For the first course, roast a few red peppers until they are slightly charred; core and slice them after they cool; thinly slice mushrooms and stalks of fresh fennel; serve in a vinaigrette made with one part red wine vinegar, a dash of sherry vinegar, three parts good quality olive oil, crushed garlic clove, a dash of Dijon-style mustard and salt and pepper. A few chopped black olives and parsley complete the dish.
Make an all-purpose stuffing (see recipe on p. 73). Add cooked coarsely chopped kale and a fresh pork sausage for depth of color and texture. Apples with a touch of apple cider give a moist and sweet flavor. Check out local farm stands (always call first; many may not still be open) for freshly dug potatoes and make a mashed potato pie with fresh sieved ricotta cheese and eggs, and bake in a pan lined with toasted bread crumbs. Or mash some sweet potatoes with maple syrup and a dash of canned chipotle pepper in sauce for spice. Braise leeks in chicken broth and serve with some of the broth. Nap the dish with a mustard-mayonnaise mixture and top with a few capers. Another fall Thanksgiving specialty is finely shredded Brussels sprouts sautéed in farm butter with some toasted pecan pieces or lightly brown cubes of North County smoked ham and toss in blanched baby Brussels sprouts.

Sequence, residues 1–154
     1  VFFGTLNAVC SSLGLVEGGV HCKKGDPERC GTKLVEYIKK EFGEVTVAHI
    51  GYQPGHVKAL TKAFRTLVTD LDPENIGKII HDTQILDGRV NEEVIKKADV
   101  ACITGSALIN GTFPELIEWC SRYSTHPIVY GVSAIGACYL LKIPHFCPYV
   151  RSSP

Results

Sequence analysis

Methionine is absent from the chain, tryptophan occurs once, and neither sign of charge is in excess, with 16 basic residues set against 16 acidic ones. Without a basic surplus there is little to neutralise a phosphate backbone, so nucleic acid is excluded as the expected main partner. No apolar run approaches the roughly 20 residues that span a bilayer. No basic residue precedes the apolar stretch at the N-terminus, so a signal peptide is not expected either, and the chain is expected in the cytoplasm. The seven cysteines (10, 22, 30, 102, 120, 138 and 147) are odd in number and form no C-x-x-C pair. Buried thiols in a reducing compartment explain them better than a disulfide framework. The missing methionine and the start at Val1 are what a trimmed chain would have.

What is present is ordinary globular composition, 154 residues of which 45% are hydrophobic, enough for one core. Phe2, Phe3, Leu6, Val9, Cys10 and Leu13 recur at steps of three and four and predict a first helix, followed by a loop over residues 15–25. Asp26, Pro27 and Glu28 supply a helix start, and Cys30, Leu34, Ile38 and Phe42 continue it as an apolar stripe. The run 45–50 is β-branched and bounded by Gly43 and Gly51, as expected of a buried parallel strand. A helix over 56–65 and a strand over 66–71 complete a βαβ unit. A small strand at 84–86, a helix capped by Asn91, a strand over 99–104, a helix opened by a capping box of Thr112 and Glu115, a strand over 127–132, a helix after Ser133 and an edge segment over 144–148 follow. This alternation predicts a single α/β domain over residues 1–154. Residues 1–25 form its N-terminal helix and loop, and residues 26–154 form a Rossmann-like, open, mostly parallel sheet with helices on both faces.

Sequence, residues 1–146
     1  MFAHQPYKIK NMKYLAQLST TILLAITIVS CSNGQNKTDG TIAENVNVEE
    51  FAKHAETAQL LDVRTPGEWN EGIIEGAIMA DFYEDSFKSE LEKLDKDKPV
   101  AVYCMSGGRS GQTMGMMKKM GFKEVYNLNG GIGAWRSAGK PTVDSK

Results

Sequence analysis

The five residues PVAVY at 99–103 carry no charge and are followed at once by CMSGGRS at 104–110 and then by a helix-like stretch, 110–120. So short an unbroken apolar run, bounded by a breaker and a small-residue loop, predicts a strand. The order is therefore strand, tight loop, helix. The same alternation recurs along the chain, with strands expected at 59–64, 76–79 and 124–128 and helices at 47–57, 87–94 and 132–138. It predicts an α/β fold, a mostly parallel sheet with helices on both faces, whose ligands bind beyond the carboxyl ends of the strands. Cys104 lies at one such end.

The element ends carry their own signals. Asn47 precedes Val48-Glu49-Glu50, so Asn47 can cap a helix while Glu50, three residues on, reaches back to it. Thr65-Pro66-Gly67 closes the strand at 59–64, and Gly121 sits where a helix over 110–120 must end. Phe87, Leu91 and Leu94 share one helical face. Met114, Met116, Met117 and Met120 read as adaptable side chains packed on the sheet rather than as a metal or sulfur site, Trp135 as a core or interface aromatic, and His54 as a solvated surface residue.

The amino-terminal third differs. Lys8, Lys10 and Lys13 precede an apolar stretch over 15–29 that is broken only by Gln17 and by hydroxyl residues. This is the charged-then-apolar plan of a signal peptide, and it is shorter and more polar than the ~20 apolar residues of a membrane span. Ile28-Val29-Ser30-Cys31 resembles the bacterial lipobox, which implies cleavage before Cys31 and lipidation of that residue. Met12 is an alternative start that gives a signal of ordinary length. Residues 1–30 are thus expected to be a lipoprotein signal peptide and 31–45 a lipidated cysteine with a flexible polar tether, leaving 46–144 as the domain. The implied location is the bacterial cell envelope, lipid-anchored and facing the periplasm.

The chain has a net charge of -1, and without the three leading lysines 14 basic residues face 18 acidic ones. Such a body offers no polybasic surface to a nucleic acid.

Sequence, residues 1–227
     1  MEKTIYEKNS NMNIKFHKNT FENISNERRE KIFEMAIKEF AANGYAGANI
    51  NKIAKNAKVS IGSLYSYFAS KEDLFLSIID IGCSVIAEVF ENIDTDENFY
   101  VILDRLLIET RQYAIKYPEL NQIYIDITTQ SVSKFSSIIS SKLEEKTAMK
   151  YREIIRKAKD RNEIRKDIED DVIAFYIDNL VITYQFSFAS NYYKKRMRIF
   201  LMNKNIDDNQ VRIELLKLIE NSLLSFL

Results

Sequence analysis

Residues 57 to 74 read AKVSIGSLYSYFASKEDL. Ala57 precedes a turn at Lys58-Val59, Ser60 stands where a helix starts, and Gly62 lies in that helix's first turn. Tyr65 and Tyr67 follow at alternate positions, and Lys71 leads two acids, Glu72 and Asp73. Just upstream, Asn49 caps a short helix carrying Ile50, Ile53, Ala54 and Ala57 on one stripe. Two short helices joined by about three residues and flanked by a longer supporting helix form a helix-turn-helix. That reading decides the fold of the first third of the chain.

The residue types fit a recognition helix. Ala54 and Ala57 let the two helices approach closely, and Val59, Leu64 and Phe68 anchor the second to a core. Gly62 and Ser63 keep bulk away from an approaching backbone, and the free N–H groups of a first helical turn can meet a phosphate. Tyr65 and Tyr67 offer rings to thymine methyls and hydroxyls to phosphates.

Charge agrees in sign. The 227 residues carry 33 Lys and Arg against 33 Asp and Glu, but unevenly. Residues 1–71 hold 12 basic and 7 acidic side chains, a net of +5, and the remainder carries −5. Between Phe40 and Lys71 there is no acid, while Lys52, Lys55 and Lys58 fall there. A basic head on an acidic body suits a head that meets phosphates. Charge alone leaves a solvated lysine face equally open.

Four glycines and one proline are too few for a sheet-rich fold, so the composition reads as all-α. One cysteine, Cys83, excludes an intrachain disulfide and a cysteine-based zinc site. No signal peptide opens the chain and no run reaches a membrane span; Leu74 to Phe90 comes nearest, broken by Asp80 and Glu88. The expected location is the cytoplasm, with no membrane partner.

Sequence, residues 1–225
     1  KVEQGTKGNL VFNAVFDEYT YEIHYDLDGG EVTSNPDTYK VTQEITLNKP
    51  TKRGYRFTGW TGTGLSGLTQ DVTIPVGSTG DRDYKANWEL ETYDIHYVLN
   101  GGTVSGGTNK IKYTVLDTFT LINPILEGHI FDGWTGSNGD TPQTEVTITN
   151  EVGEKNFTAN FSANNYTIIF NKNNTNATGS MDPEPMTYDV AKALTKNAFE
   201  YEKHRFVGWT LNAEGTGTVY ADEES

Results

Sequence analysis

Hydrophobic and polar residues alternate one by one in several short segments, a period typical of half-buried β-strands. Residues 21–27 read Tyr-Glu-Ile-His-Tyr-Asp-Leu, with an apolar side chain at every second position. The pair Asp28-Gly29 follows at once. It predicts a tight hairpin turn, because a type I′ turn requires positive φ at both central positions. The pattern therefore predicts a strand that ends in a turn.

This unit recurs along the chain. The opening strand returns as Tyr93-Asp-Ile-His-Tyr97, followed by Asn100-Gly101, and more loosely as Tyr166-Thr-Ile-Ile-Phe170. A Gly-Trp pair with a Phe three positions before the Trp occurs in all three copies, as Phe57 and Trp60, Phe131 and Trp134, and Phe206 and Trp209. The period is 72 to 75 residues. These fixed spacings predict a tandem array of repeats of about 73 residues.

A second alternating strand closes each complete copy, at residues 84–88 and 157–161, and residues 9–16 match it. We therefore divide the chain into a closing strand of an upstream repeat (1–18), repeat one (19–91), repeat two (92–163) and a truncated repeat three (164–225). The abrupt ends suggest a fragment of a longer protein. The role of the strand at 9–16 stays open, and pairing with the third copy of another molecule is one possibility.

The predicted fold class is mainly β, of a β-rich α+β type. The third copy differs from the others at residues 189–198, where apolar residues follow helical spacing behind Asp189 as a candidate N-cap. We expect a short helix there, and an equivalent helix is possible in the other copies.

Layer thinly sliced rutabaga and potatoes in a heavy oven proof pan adding salt, pepper, a few dabs of butter and fresh thyme leaves between each layer. Cover in foil and bake in a 425 oven for about 30 minutes. Weighing them down with a heavy pan makes the dish easier to slice into wedges. Slice parsnips, toss in olive oil, salt and pepper and roast in moderate oven until soft. Toss with fresh chopped rosemary leaves before serving. Root Vegetable Pancakes are a treat that children can happily eat with their fingers.
For the traditional cranberry condiment, Diane Souther of Concord’s Apple Hill Farm (224-8862, www.applehillfarmnh.com) takes a cue from the ever-present orange and cranberry relish and uses apples from her orchard instead of cranberries to make an uncooked Apple Cranberry Relish, adding strawberry or raspberry preserves as the sweetener. She suggests making the condiment the day before to allow the flavors to develop. Roasted Pumpkin Baking Powder biscuits (see recipe below), made just before dinner and served fresh and hot with a fresh butter, complete the main course.
For dessert serve the traditional apple pie with local apples. Adding raisins soaked in bourbon overnight and chopped pecans to the apples make for a richer dessert. Since Thanksgiving ignores calorie quotas, don’t forget to serve a creamy sugar pumpkin pie made with local cream, brown sugar, and molasses.
Shaker Bread Stuffing
1 pound country white bread, torn into coarse pieces
1 cup boiling water
10 tablespoons butter or margarine, cut into tablespoons